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​Be the best you can beby eating right!

Sports. Some pick it up as a hobby while others pursue it as their life goal, constantly challenging themselves to beat the records set by themselves or others. When performance is dependent on speed, power, accuracy and endurance, paying attention to what you eat can give you that extra advantage.
 
Different sports require different skills. Therefore, your nutrition needs will vary based on your choice of sport and your training plan. While the nutrition recommendations for each sport need to be fine-tuned with your coach or sports nutritionist, here are some simple tips which may help you to power up your performance.
 

1. Hydrate well

 A well-hydrated body performs at peak efficiency. Dehydration and over-hydration will have a negative impact on sport performance and health. A good way to ensure that you have consumed enough fluid is to drink according to your sweat rate. 

Here s how to work out your sweat rate : Weigh yourself before and one hour after training. The difference in weight reflects the water lost during the session. In your next training session, drink enough to replace the water you will lose as sweat. 
Divide the quantity equally through each half hour of the training or workout session. If you need to pass urine once every two to four hours throughout the day and the colour of the urine is pale yellow or colourless, you are probably well-hydrated.
 
Water is the best rehydration fluid and works well for sessions of less than 60 minutes. For endurance sports lasting more than an hour, and perhaps high-intensity activities, you might do better with a sports drink. Besides hydrating your body, these specially formulated beverages also provide the carbohydrates needed to fuel the mind and working muscles. In addition, they provide small amounts of sodium (salt) to enhance water absorption and retention.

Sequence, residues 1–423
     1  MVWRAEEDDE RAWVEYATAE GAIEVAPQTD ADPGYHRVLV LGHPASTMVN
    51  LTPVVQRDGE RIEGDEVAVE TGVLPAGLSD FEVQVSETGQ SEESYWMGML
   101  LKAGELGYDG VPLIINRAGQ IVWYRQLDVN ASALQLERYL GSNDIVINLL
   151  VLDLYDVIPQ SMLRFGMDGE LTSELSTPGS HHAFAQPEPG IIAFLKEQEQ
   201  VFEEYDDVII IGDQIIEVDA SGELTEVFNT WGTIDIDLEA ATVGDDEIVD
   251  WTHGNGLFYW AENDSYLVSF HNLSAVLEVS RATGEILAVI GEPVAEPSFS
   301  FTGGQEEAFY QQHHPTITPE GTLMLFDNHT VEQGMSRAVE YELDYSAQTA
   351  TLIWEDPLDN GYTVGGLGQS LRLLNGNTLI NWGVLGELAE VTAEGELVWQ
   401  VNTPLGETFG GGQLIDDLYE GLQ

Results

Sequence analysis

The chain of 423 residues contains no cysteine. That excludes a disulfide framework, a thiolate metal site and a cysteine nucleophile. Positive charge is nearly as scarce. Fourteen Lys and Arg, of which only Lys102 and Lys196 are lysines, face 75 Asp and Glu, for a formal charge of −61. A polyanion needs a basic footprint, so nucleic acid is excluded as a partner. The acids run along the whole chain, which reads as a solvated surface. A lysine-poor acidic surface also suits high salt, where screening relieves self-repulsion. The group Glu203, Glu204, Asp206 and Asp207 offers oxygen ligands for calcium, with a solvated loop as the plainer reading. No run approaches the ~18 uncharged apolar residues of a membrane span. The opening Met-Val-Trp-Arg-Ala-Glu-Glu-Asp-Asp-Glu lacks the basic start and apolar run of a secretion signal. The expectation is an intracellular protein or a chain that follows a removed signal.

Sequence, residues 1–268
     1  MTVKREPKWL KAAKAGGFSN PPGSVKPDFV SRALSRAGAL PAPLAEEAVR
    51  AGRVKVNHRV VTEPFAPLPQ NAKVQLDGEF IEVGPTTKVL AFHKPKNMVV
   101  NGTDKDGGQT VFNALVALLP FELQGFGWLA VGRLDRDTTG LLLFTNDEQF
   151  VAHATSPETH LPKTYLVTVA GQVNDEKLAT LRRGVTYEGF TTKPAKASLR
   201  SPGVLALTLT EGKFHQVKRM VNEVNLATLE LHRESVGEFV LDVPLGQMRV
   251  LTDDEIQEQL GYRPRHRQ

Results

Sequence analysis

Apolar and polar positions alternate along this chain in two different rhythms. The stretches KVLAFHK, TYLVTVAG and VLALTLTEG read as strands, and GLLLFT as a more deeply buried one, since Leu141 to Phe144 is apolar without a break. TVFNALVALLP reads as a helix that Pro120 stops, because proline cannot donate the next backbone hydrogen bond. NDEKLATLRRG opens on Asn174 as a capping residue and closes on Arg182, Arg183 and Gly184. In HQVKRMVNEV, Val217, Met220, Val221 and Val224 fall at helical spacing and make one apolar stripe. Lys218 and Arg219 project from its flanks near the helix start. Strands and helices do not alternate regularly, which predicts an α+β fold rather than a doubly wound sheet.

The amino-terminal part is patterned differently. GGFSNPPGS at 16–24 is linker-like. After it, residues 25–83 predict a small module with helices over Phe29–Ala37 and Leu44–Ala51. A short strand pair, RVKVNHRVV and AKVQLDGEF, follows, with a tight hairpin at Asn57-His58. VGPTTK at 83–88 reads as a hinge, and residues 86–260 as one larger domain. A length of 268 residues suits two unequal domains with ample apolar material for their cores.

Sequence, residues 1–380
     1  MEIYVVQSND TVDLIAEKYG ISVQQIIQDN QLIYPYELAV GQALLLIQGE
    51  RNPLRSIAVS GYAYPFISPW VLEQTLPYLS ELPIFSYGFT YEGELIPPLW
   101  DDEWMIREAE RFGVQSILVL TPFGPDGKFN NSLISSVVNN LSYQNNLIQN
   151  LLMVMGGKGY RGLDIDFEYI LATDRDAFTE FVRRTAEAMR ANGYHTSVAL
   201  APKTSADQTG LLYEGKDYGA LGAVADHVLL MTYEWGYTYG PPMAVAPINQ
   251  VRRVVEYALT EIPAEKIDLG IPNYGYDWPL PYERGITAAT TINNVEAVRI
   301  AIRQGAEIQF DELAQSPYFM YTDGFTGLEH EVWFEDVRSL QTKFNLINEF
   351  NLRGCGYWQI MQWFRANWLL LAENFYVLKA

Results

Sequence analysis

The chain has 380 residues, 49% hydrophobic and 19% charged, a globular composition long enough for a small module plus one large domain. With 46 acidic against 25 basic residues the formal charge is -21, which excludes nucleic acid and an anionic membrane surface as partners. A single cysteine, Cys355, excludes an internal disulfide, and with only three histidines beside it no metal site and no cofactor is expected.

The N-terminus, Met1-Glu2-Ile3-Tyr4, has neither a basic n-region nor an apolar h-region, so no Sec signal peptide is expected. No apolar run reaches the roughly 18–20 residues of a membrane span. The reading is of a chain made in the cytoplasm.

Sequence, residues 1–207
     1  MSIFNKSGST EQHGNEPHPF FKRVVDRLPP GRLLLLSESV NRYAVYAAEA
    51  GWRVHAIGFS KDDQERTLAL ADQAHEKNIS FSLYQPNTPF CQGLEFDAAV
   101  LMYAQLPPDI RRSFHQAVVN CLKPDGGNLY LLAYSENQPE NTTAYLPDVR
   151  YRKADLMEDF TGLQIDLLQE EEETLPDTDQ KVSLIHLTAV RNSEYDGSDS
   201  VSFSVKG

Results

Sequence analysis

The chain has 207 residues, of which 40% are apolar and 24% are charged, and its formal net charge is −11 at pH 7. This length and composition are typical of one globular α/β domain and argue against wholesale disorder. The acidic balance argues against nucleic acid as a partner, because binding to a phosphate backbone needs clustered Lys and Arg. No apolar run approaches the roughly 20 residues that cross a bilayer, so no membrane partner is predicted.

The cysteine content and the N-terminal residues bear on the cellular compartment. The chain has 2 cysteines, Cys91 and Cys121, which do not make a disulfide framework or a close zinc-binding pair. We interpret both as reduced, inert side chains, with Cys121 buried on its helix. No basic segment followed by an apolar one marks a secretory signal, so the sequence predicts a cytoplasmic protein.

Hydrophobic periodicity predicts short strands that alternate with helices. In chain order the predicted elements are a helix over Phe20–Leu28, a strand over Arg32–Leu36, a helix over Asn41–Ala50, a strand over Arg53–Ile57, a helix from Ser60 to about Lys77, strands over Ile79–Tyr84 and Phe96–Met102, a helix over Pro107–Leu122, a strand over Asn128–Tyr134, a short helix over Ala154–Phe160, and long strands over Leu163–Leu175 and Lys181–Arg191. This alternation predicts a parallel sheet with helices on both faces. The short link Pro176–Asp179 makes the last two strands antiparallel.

2. Fuel with carbs

 Carbohydrates or carbs are the body's primary energy source and the main fuel for working muscles. Carbohydrates get broken down during digestion into glucose, which can be used immediately for energy. The rest is stored as glycogen in the muscle and liver, or it is converted to fat if excess calories are consumed. Glycogen is the body's storage form of carbohydrate. The more muscle glycogen stored means the more fuel you have to power your activity.
 
Both complex carbs (starch) and simple carbs (sugars) supply energy and replenish muscle glycogen. Examples of simple carbs include table sugar, honey and the natural sugars found in milk and fruits. Examples of starches are grains and grain products (e.g. rice, noodles, bread, oats, chappati and biscuits), starchy vegetables (e.g. potato and yam), beans and lentils.

Carbs foundation

The bulk of your carbs should come from starches as well as a variety of fruit and vegetables. Besides carbs, these food also provide vitamins, minerals, fibre and beneficial plant substances known as phytochemicals.

 

​Occasional carbs

Food and beverages high in added sugars (e.g. candies and sweetened drinks) should generally be minimised in the diet as they tend to contain little nutritional value. Nonetheless, sugars can be useful in sports nutrition, especially to fuel endurance activities such as marathons. After a long bout of training, sugary drinks and food can also help athletes reload their muscles with glycogen in preparation for the next session.

Carbohydrate loading

Training muscles to store glycogen is useful for endurance athletes as it helps fuel activities of long duration effectively. To load muscles with glycogen, you have to eat a carbohydrate-rich diet throughout your training session. A few days before an endurance event, you should taper down your exercise to allow the muscles to rest and stock up on glycogen. A competitive athlete should work with an accredited sports dietitian or nutritionist to develop a carbohydrate-loading plan for their sporting programme.